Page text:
Rhee told NEWSWEEK late Wednesday that Gray had called her after the election and left a message that he wants to talk, but that they were going to put off the meeting until she returns from her weeklong honeymoon. Rhee, who married Sacramento mayor and fellow education reformer Kevin Johnson over the Labor Day weekend, postponed her wedding trip until Sept. 15, because of the mayoral primary.
“I’m leaving town for my honeymoon, so we can both take some time to think a little bit, and when I come back, I will talk to him and see where his head is on this and what he’s thinking about,” Rhee said. But she added that it’s important that every new chief executive pick a team that shares his vision.
"I haven’t been shy about the differences in opinion I’ve had with the chairman, but I think he deserves the opportunity to start with a fresh plate and recruit someone for this job that shares his vision and will execute that,” she said. “I think stability is not the thing that people should be obsessing over. I think he’s got to choose the person he thinks is right for the job."
While Gray has said that he agrees with many of the reforms Rhee has made, the chancellor acknowledged that Gray’s emphasis on consensus and her desire for bold and fast-paced change may not be compatible, particularly with so many tough and likely unpopular choices ahead.
Rhee said she was particularly concerned about the next round of the city’s teacher-performance reviews, a national model, which scores effectiveness using a combination of evaluations done by school principals and outside experts, as well as student-achievement growth. Those with the highest scores are eligible for higher salaries, while underperformers are encouraged to get additional training. Teachers identified as “minimally effective” have a year to improve before facing dismissal. About 700 teachers received that rating this summer.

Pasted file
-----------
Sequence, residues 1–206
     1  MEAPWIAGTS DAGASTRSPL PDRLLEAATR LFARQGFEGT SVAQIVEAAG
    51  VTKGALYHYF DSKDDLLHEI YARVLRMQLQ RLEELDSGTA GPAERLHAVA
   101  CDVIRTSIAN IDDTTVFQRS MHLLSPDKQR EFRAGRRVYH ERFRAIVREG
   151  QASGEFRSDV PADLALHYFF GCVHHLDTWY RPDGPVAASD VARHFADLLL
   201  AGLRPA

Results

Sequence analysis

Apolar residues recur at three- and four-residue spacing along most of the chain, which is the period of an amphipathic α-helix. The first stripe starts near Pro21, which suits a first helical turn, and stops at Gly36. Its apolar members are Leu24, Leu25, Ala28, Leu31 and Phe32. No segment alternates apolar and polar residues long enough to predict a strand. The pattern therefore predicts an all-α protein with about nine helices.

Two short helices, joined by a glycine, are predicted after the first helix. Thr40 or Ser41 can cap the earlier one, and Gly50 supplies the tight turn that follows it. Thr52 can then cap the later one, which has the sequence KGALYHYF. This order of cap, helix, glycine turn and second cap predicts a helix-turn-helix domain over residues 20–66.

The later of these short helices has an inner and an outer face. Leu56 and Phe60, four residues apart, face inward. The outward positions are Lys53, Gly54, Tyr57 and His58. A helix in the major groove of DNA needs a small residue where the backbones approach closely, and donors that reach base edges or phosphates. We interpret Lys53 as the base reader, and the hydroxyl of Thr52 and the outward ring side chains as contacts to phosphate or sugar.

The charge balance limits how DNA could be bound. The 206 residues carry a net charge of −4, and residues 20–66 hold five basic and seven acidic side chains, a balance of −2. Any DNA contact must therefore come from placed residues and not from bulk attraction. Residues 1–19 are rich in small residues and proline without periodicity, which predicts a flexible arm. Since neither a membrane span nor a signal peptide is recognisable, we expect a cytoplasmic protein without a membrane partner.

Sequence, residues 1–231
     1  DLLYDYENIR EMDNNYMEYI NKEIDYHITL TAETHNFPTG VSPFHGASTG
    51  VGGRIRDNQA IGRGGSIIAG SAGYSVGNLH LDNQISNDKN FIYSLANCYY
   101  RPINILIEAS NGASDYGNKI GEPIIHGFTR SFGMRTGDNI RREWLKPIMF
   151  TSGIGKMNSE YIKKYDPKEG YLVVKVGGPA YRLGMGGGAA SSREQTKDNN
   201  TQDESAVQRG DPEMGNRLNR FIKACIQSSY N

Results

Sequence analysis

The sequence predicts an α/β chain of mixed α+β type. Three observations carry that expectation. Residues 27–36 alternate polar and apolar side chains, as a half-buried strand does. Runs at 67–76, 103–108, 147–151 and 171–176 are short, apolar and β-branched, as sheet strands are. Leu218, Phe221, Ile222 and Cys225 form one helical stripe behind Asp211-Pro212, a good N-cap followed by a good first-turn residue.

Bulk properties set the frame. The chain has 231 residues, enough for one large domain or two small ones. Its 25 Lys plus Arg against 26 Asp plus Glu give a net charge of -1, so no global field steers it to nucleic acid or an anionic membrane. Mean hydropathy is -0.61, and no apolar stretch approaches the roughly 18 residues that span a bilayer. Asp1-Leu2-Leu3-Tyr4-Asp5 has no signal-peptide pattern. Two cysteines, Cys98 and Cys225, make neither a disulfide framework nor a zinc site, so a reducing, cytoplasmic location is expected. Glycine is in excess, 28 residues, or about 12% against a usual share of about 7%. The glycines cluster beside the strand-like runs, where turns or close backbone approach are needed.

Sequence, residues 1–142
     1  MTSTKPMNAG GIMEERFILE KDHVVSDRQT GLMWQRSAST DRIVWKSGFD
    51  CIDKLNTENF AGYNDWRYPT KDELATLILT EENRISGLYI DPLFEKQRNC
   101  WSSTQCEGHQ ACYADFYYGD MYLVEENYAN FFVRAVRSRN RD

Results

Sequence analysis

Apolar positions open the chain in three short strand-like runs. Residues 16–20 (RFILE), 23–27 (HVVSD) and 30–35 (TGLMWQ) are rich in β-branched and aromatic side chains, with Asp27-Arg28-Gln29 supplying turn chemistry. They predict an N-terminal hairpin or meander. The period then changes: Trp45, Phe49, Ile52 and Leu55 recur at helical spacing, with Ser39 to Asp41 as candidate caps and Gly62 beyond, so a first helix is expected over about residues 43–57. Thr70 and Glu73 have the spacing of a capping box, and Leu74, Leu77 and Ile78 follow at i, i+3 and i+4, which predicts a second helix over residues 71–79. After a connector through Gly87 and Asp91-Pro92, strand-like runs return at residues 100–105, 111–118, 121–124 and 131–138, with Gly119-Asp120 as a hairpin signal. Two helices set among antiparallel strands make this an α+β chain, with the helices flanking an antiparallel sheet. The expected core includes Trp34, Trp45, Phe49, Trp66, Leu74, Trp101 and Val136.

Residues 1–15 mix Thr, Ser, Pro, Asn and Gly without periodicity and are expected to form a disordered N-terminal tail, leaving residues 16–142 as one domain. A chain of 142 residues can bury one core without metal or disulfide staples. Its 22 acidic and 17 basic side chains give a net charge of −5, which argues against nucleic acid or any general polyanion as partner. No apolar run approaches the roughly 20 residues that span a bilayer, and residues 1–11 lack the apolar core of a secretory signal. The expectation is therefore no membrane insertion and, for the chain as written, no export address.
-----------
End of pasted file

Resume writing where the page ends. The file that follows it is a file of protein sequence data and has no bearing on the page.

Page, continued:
“I think the big test will be what happens next year to those 700 people we identified as being minimally effective,” she said. “The district is on the verge of a huge opportunity to really improve the face of education in this city, based on a plan that has been very well thought out. Those 700 people have had plenty of time and warning, and if we don’t seize on this, it will be a missed opportunity. You have to wonder, is Gray now beholden to the teachers’ union? Will he really fire 700 people if they don’t improve?”
Later Wednesday, during a panel discussion following the Waiting for Superman screening, Rhee argued that no one should conclude that the message of the D.C. election was that education reform needs to slow down until more consensus is built.
"I would say that the biggest tragedy that could come from [Tuesday's] election results is if the lesson people take from this is that we should pull back," she said. “We cannot retreat now. If anything, what the reform community needs to take out of yesterday's election is, now is the time to lean forward and be more aggressive and more adamant."